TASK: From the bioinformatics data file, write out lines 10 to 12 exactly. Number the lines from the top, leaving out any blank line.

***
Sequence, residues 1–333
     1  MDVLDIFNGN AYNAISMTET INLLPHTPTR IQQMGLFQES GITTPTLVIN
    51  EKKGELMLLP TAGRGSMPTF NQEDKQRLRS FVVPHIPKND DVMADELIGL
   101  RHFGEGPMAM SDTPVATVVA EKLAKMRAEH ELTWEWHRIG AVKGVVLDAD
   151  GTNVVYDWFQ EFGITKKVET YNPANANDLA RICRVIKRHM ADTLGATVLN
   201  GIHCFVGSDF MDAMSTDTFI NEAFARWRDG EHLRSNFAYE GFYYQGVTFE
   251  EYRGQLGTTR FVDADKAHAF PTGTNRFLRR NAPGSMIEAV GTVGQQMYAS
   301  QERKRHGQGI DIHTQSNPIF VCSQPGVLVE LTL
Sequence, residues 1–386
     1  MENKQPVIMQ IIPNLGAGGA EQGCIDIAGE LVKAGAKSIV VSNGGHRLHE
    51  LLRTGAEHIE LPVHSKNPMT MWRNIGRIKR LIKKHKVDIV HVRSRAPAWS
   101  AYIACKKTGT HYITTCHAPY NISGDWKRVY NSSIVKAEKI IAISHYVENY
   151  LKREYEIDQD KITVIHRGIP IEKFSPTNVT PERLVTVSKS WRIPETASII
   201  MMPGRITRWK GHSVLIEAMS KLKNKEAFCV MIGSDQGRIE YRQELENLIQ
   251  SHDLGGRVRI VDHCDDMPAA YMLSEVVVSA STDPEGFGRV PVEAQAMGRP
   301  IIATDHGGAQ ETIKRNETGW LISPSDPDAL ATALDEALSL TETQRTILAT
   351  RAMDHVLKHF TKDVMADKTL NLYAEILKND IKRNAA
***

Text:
     1  MENKQPVIMQ IIPNLGAGGA EQGCIDIAGE LVKAGAKSIV VSNGGHRLHE
    51  LLRTGAEHIE LPVHSKNPMT MWRNIGRIKR LIKKHKVDIV HVRSRAPAWS
   101  AYIACKKTGT HYITTCHAPY NISGDWKRVY NSSIVKAEKI IAISHYVENY